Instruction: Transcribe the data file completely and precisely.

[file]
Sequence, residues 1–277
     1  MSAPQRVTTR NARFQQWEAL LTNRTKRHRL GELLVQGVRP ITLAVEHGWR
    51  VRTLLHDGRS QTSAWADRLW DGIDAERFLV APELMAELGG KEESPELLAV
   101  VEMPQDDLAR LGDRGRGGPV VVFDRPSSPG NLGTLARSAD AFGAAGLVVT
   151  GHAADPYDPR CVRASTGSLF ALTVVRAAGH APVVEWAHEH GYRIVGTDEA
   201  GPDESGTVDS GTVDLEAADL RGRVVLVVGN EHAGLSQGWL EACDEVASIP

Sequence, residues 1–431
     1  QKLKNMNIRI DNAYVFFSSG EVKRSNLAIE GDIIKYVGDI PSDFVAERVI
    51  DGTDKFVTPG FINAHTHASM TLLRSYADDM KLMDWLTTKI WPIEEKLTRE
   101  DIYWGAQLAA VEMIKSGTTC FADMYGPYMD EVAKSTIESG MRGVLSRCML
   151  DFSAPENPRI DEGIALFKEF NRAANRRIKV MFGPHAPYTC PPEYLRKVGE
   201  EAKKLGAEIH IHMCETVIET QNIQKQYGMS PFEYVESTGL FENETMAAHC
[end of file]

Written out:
Sequence, residues 1–277
     1  MSAPQRVTTR NARFQQWEAL LTNRTKRHRL GELLVQGVRP ITLAVEHGWR
    51  VRTLLHDGRS QTSAWADRLW DGIDAERFLV APELMAELGG KEESPELLAV
   101  VEMPQDDLAR LGDRGRGGPV VVFDRPSSPG NLGTLARSAD AFGAAGLVVT
   151  GHAADPYDPR CVRASTGSLF ALTVVRAAGH APVVEWAHEH GYRIVGTDEA
   201  GPDESGTVDS GTVDLEAADL RGRVVLVVGN EHAGLSQGWL EACDEVASIP

Sequence, residues 1–431
     1  QKLKNMNIRI DNAYVFFSSG EVKRSNLAIE GDIIKYVGDI PSDFVAERVI
    51  DGTDKFVTPG FINAHTHASM TLLRSYADDM KLMDWLTTKI WPIEEKLTRE
   101  DIYWGAQLAA VEMIKSGTTC FADMYGPYMD EVAKSTIESG MRGVLSRCML
   151  DFSAPENPRI DEGIALFKEF NRAANRRIKV MFGPHAPYTC PPEYLRKVGE
   201  EAKKLGAEIH IHMCETVIET QNIQKQYGMS PFEYVESTGL FENETMAAHC